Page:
According to CBD expert and creator of Graces London skincare line Shiona Redmond, the answer lies in the process of homeostasis. Human bodies have cannabinoid receptors, which are part of a self-regulatory system called the endocannabinoid system, whose primary function is to create and maintain consistent internal balance within the body.
‘The endocannabinoid system plays a key role in maintaining our overall health and is vital in the regulation of hormone secretion, particularly the hormones related to reproductive function and stress response,’ Redmond says. ‘So, while our bodies actually produce their own cannabinoids, these have the same composition as cannabidiol, so CBD intake can therefore help maintain the body in the coveted balanced state of homeostasis.’
Despite CBD oil being around since the early 1940s, it is only recently that this wonder extract entered the spotlight and made its way into the leisure, wellness and hospitality industries. Now, CBD oil is everywhere. Spas all across the UK are incorporating it into their treatments, offering anti-inflammatory CBD facials and massages. CBD oil is becoming popular in e-vapes, and features in numerous new brands of organic chewing gum, while global giant Coca Cola is even considering launching a new beverage with added CBD extract.
Cocktail bars and restaurants all over Britain are also getting in on the hype, including Glasgow’s own Pizza Punks on St. Vincent Street, who are now proudly serving the Dazed and Confused cocktail – a citrusy CBD-oil infused drink.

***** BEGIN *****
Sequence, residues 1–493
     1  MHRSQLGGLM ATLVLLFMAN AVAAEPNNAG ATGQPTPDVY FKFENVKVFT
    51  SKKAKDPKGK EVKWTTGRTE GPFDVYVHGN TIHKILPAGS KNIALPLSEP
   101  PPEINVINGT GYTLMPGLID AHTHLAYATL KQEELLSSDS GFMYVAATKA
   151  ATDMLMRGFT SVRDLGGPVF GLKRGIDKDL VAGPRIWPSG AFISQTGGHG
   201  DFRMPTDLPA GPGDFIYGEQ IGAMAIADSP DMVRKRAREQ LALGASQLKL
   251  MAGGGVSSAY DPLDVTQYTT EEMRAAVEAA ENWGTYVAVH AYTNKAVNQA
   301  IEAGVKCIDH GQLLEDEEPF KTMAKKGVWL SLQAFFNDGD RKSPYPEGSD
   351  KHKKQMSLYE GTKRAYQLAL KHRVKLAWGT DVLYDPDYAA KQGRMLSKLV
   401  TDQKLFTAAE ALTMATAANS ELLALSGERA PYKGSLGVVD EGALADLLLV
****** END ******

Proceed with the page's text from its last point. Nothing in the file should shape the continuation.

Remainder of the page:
Glasgow health food restaurant Down to Earth, meanwhile, hosted an entire CBD-infused food and cocktail night this April. Dubbed ‘An Evening with Mary Jane’, the event offered drinks and dishes which all featured cannabidiol, while maintaining the legal UK THC guidelines. Elsewhere, companies such as Scotland CBD and Greenshoppers offer their host of customers personalised cannabidiol tinctures, which are thought to deliver all of CBD’s wellbeing properties.
Stirling, meanwhile, is preparing to welcome its first ever cannabis establishment later this year – The Hemp Room Café, which is due to be opened on Upper Craigs. Claire Watson, the proprietor of the future hemp shop, aims to offer people a chance to sample food prepared using hemp oil, and drinks featuring CBD oil. Apart from CBD products, the café will feature a range of vegan menu options (all items will be cooked using hemp oil), an outdoor lounge area, and a collection of informative literature on the benefits of cannabidiols.